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Now in private practice, it matters a lot less when I meet a new client. At the end it might be like, oh, it sounds like you have depression or anxiety, and I’ll attach a little code to their billing for it. But that’s kind of where the diagnosis ends, at least as far as my work is concerned.
Let’s talk about what those diagnoses mean to different populations. I didn’t know about schizophrenia and the way black men are so disproportionately diagnosed. Who is making these diagnoses and why do we pathologize certain populations?
This is just how bias works. I talk in the book about how the definition of schizophrenia was changed in 1968. In 1968, with all of its attendant uprisings and struggles, the diagnosis of schizophrenia was changed to include aggressive behavior. You see almost instantly this upswell of articles and professional journals and advertisements to prescribing psychiatrist and the population in institutions at the time just shifts overnight to include black men labeled with disorders along the schizophrenia spectrum.
I didn’t know all of that history when I first started this work, but I saw it play out within the communal health clinic where I worked. It seemed even to me at the time, just on my own anecdotal data, that a lot of the black men that I saw, end up with these very comparatively heavy diagnoses. Other folks and other populations might get something that is still severe, like major depression with psychosis or whatever, but it doesn’t carry as much stigma.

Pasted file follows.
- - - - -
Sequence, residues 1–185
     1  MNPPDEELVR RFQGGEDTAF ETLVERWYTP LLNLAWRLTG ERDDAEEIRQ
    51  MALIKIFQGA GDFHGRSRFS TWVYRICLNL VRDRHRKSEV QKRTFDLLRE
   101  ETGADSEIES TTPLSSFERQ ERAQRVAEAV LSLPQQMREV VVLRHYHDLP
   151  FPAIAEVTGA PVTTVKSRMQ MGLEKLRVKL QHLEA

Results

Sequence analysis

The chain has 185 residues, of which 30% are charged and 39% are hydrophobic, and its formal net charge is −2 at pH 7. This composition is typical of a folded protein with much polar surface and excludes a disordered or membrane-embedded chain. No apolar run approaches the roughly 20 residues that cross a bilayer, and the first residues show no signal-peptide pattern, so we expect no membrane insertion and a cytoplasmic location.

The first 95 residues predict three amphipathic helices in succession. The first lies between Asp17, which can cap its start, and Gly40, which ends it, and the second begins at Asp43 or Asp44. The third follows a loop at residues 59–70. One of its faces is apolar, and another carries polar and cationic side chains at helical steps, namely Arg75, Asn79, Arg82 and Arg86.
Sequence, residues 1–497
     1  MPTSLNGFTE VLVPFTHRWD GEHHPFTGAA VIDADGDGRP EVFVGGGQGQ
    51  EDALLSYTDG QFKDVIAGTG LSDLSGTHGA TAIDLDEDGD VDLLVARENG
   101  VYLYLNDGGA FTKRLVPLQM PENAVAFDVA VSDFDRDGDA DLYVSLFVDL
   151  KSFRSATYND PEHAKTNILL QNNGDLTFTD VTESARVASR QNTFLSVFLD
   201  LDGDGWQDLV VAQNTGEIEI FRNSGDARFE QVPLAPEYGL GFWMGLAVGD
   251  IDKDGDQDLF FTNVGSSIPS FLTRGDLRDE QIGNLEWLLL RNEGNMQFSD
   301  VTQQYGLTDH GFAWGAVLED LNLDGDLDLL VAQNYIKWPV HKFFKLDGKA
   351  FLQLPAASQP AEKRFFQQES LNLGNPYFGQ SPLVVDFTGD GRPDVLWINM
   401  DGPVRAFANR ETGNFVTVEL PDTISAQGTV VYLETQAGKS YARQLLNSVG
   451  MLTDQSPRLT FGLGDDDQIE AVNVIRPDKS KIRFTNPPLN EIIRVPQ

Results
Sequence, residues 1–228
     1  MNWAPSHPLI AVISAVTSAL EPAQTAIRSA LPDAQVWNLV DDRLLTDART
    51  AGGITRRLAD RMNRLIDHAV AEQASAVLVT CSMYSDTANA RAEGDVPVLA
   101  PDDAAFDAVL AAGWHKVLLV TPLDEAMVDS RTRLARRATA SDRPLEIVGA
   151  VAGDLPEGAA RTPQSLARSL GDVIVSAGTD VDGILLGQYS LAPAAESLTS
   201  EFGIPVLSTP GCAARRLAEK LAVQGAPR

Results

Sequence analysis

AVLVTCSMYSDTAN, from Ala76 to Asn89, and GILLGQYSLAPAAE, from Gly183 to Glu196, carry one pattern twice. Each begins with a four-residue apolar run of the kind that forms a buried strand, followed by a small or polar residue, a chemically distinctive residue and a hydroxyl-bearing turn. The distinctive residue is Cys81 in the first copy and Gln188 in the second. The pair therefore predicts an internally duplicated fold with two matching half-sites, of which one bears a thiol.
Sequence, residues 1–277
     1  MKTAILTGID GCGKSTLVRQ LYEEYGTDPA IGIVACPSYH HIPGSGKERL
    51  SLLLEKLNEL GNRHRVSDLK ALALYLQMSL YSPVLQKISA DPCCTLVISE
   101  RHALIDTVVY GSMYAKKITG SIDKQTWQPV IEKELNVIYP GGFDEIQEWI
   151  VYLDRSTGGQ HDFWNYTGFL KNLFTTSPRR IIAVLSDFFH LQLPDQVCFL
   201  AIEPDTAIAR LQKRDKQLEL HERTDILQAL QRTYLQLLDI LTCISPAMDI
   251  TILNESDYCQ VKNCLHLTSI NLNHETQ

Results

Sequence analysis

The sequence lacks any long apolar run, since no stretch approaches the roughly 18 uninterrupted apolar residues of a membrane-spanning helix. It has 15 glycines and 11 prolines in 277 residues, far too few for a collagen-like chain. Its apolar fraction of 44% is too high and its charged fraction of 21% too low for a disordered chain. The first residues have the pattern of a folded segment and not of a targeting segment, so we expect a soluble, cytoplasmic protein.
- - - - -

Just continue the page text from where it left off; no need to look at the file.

I don’t think that the psychiatrist who diagnosed these people that I was treating had in mind this stereotype of the black radical or whatever as we saw in a lot of articles in late sixties and early seventies. They were probably taught by the people who grew up those articles and they probably practiced in settings and were trained in settings that reinforced that. It’s not just in mental health. There’s a lot of continuing lingering myths about black people experiencing pain less than white folks, for instance, or the maternal death rate of black and Latinx pregnant people. It’s not just mental health, but I think in mental health, it has a different register because you’re basically saying that someone’s protests against injustice aren’t just worthy of being ignored, they’re a sign of an underlying pathology.